A never-ending spring
It feels like a cool, soggy summer so far, as though spring decided to stick around and push the warm, lazy summer days to the sidelines.
While there’ve been some warm sunny days, it seems the season has been bogged down with cloudy skies and rain. Sometimes it’s hard to believe it is actually mid-July.
Wet and stormy seem to be the legacy of this summer so far. Really, it’s all anyone talks about lately. All the chit chat centres around the summer that’s failed to show up.
This is a city where residents can expect daytime summer temperatures to be well above 20 Celsius, going as high as 30.
This year, though, it appears that a sunny day with daytime temperatures in the low 20s is worth comment. Actually, any amount of sunshine elicits exclamations of how beautiful it is outside.
Instead of sun-drenched patio parties and barbeques, there’s an impression this season is offering up storm after storm. Warnings about funnel clouds in the region were issued a few weeks ago. This past weekend, thunderstorms just didn’t seem to want to let up. After the storm passed and sunshine broke through to create a muggy Saturday, rumbling in the distance could be heard. Sure enough, another line of storm clouds rolled in and produced another lightning display before once again giving way to sunshine. Wash and repeat seemed to be the mantra of the weekend, leaving pockets of the city without electricity. Ottawa, however, fared better than others, where the storm left a trail of damage in Southern Ontario and spawned a tornado in the north.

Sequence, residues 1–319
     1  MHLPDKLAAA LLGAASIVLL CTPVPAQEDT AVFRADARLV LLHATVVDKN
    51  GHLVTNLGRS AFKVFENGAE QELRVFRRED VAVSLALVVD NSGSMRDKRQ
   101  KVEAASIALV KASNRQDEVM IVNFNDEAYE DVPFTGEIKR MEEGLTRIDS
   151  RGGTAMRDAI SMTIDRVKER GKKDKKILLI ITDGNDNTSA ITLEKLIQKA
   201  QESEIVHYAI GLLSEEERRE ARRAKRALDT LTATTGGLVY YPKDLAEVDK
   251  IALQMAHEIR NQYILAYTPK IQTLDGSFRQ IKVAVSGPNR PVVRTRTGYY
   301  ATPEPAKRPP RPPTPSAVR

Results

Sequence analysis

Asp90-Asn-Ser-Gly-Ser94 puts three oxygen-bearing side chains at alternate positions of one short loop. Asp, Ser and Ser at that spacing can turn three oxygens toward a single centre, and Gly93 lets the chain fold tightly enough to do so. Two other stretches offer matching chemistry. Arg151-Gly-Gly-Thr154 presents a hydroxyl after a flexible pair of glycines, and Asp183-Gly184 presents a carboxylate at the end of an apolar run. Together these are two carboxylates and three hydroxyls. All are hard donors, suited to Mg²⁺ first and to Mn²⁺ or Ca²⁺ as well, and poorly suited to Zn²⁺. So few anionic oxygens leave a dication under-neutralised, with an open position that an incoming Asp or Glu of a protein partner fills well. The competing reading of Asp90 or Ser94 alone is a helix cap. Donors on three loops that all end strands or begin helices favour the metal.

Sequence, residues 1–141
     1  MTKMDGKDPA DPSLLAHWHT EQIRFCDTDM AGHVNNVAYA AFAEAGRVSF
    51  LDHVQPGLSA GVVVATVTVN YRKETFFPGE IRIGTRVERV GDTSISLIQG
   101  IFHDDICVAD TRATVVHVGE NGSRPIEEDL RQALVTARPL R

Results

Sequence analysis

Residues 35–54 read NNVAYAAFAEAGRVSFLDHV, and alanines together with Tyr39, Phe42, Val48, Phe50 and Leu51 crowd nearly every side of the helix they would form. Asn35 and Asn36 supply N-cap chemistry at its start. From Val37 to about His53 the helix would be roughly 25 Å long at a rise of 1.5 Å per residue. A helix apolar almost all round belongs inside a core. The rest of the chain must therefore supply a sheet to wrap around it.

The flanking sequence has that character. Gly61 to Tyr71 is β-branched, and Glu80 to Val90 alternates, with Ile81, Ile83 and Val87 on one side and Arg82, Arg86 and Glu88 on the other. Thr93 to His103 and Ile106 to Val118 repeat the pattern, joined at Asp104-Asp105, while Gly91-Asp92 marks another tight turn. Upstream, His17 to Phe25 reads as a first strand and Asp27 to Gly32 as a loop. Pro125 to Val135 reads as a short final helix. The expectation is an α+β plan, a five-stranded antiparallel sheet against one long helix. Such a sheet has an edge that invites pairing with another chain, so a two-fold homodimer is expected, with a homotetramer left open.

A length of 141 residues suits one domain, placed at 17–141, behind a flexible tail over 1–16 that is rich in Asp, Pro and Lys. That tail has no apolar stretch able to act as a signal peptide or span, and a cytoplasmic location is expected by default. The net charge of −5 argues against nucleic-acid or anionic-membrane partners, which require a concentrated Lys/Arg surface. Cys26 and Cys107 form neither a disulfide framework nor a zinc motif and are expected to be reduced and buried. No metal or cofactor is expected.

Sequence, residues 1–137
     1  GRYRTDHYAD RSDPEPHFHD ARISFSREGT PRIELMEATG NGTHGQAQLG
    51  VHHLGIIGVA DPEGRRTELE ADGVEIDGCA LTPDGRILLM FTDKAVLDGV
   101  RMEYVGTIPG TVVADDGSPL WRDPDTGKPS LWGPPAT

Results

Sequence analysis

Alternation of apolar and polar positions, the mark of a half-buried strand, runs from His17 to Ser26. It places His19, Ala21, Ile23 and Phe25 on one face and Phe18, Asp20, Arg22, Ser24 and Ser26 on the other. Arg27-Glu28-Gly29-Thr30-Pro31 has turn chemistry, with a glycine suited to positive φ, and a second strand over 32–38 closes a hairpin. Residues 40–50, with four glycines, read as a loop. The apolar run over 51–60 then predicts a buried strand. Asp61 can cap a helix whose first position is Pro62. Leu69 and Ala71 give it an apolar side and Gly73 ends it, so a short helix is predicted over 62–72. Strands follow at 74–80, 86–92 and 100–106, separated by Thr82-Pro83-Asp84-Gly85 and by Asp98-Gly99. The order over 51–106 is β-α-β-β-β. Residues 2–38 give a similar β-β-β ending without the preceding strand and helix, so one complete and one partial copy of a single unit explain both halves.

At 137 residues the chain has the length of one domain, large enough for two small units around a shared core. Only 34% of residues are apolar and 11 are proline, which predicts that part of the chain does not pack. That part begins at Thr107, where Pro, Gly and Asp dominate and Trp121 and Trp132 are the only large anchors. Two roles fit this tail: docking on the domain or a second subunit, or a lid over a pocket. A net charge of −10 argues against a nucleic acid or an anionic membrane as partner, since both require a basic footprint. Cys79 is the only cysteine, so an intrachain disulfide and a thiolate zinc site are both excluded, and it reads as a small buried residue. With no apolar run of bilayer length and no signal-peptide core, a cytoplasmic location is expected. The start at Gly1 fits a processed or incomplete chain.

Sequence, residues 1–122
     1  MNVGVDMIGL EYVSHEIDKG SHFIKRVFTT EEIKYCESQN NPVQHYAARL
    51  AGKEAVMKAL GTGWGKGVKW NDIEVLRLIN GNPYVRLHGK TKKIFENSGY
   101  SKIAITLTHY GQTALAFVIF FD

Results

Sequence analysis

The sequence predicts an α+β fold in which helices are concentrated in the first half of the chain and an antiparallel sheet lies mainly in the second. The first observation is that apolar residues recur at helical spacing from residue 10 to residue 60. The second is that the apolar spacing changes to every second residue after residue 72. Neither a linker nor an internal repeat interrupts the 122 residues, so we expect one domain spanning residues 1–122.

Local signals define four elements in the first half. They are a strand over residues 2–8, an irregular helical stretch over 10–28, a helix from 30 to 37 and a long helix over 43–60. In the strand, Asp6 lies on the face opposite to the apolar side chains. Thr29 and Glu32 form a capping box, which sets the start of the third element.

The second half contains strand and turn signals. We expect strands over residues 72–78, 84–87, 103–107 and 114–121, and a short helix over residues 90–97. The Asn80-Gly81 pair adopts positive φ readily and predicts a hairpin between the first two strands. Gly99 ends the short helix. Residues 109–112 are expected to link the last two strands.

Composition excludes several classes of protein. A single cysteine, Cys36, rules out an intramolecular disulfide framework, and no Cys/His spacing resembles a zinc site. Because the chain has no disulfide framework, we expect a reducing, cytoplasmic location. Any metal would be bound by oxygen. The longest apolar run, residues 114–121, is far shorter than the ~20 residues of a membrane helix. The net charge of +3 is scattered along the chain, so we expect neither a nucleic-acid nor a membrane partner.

Despite all the complaints around the water cooler, the belief that the summer has failed to materialize might be just that: perception. A news release from Environment Canada noted, “Summer has returned with seasonably warm temperatures, and also seasonable precipitation amounts. It was a gentle June.”
In fact, June was the driest it’s been since 2007, according to the release, with only 54.4 millimetres of rain falling during the month. That’s a marked contrast to last June, which saw 106.6 mm of rain as opposed to the 85 mm or so Ottawa generally receives.
How July will shape up remains to be seen. According to the Weather Network, from July 112, residents have seen a high of 26.7, a low of 10.7 (both on Friday, July 10, as it turns out) and 67.2 mm of accumulated precipitation. With an average accumulation of 87 mm, Ottawa was more than halfway to its norm before mid-month.
In what will not come as a shock to most, there’s more rain in the forecast for this week – maybe as much as 15 mm on Thursday.
If spring showers bring May flowers, then summer rains are certainly keeping lawns lush and green. Brown, dried patches of grass have not been much of a problem this year. The vegetation is thriving even if people are bemoaning the weather.
While perception has most talking about the miserable, damp summer so far, the good news is that it’s not over. There’s still a good month and a half left. With any luck, those warm, lazy days are coming.